JUnit 5: The New Generation Testing Framework for the JVM
In this video we will start by introducing the new features of JUnit 5, architecture, and description of the main Java 5 APIs. After that we will be learning about the low-level details of JUnit 5, i.e., how to write JUnit 5 test cases (programing model)
About The Author
Boni García has a
PhD degree in Information and Communications Technology from
Universidad Politécnica de Madrid (UPM), Spain in 2011. Currently he is
working as an Assistant Professor at Centro Universitario de Tecnología y
Arte Digital (U-tad), Spain. He has participated actively in three
different research groups: Real-Time Systems and Telematic Services
Architecture (STRAST), UPM; Telematic System for Information and
Knowledge Society (TSIC), UPM; and currently on CodeUrjc (Universidad
Rey Juan Carlos).
He has participated in 12
European research projects, publishing more than 20 papers in different
journals and at international conferences. García is an active member
of the FOSS community with a big emphasis on Software Testing, Web
Engineering, and Computer Networking.
What’s New in JUnit 5
This video provides an overview of the entire title.
JUnit 4 is the default testing framework for millions of Java
developers worldwide. Due to the fact that this version of JUnit has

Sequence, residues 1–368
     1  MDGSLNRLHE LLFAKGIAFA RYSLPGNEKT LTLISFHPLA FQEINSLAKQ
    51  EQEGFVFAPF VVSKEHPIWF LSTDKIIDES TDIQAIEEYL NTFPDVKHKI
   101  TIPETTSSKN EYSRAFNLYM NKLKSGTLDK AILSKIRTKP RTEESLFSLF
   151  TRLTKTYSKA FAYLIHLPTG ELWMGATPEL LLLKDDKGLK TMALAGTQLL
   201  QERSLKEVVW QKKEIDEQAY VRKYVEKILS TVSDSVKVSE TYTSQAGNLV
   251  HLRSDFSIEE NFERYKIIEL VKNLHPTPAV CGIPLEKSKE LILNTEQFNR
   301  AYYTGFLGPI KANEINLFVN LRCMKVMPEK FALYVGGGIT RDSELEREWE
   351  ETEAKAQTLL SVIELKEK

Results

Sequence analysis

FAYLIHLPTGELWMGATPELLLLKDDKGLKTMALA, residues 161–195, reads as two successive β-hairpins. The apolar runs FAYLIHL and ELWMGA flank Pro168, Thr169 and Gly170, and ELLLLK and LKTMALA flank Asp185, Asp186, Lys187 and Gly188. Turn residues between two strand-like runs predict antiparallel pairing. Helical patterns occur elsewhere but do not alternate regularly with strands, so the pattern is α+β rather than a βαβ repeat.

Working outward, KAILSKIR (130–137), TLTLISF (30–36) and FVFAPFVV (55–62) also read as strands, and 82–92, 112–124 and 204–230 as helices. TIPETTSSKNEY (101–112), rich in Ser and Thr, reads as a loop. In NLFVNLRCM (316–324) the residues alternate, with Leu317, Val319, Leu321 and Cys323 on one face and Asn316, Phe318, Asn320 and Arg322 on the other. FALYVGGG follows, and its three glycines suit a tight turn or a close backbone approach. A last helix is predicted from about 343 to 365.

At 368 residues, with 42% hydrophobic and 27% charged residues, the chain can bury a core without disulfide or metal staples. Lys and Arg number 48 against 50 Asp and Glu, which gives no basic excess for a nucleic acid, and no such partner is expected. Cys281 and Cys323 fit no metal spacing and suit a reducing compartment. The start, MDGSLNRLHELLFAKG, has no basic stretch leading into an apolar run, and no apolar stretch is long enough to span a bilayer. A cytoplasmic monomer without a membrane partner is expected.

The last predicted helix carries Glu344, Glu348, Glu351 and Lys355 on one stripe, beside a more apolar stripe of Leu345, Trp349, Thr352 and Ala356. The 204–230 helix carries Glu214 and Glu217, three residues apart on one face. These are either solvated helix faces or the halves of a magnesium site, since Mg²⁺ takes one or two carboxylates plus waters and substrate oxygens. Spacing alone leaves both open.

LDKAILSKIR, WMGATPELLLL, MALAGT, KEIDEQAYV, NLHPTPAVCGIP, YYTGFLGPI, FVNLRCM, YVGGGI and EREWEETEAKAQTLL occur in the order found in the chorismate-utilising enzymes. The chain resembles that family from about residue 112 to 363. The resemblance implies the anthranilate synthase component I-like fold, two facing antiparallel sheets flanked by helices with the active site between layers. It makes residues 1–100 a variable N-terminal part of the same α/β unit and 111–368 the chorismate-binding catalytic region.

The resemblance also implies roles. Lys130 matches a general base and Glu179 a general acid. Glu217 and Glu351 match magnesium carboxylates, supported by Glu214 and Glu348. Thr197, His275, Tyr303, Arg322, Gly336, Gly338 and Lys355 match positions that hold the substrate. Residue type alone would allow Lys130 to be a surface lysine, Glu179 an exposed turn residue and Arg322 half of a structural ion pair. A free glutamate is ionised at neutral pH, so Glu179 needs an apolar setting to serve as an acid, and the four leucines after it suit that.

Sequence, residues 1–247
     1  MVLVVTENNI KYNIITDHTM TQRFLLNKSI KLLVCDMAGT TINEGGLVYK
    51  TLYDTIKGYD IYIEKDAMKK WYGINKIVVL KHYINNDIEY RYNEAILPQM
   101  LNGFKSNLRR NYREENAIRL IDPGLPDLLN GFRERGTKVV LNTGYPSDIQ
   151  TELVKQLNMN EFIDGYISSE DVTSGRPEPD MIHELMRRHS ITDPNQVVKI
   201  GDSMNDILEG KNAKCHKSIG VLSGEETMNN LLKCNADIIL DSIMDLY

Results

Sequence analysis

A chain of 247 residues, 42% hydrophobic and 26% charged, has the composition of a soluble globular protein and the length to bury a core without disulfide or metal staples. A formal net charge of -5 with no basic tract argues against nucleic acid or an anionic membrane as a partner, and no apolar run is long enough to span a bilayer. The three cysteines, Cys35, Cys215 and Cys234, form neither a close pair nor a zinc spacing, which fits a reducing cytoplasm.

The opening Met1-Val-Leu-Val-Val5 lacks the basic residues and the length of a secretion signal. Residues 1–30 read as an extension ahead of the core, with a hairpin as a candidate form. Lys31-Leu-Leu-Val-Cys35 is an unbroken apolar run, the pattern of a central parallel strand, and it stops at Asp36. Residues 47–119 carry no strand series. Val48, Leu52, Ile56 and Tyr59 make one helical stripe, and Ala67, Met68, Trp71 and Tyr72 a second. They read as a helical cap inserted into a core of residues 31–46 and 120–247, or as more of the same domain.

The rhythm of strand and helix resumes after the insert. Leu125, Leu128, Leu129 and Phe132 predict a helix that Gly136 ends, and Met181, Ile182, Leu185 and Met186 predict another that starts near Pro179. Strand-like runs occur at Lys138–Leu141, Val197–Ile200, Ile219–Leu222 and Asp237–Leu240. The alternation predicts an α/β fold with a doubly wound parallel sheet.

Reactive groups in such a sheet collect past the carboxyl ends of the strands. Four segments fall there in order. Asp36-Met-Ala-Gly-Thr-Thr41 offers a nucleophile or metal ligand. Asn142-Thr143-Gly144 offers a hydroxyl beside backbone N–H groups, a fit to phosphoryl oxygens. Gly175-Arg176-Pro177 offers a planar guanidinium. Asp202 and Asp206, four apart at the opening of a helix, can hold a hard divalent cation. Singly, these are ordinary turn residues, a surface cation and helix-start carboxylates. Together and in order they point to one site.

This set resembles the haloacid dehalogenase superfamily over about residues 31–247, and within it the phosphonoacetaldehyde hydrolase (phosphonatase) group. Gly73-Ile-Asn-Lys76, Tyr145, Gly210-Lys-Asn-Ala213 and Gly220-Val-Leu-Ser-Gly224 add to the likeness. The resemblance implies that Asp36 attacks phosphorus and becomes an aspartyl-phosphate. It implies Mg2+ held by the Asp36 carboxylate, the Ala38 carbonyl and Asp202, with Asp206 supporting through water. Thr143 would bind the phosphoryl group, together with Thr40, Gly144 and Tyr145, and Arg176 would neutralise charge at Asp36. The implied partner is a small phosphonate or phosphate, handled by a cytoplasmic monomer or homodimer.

important drawbacks, and a new version (JUnit 5) has been released. The
main new features of JUnit 5 are explained in this video.
JUnit 5 framework has been designed to be completely modular. The main JUnit 5 components are explained in this video.
The JUnit platform is a completely new component in JUnit 5. It is
aimed to be the foundation for any testing framework that is going to
be executed in a JVM.
This video covers the tools that are supported by JUnit 5.
The Extension model provides seamless integration of JUnit 5 with
existing testing frameworks. In order to create a custom extension,
several actions have to be taken into account, which are explained in
JUnit 5 Programming Model
In this video, we are going to learn the basics to write tests based on the JUnit 5 programming model, called Jupiter.
An assertion (or predicate) is a boolean statement typically used to reason about software correctness.
Test classes and methods can be tagged in the JUnit 5 programming
model by means of the annotation @Tag. Those tags can later be used to
filter test discovery and execution.
In this video, we are going to take a look at nested and repeated tests within the JUnit 5 programming model.
Old versions of JUnit (3 and 4) allow you to create test in
compile tests, that is, static tests. With JUnit 5, tests can be created
in runtime, that is, dynamic tests.
In this video, we are going to take a look at dependency injection
for constructors and methods. We review the three parameter resolvers
provided out of the box in the JUnit 5 programming model.